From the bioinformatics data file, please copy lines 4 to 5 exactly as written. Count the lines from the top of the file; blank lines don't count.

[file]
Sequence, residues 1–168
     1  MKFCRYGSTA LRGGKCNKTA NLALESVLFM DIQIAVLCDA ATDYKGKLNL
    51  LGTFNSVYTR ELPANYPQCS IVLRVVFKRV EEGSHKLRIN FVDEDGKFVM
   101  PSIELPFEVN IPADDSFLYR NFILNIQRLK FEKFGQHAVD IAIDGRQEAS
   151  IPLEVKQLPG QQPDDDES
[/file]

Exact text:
   101  PSIELPFEVN IPADDSFLYR NFILNIQRLK FEKFGQHAVD IAIDGRQEAS
   151  IPLEVKQLPG QQPDDDES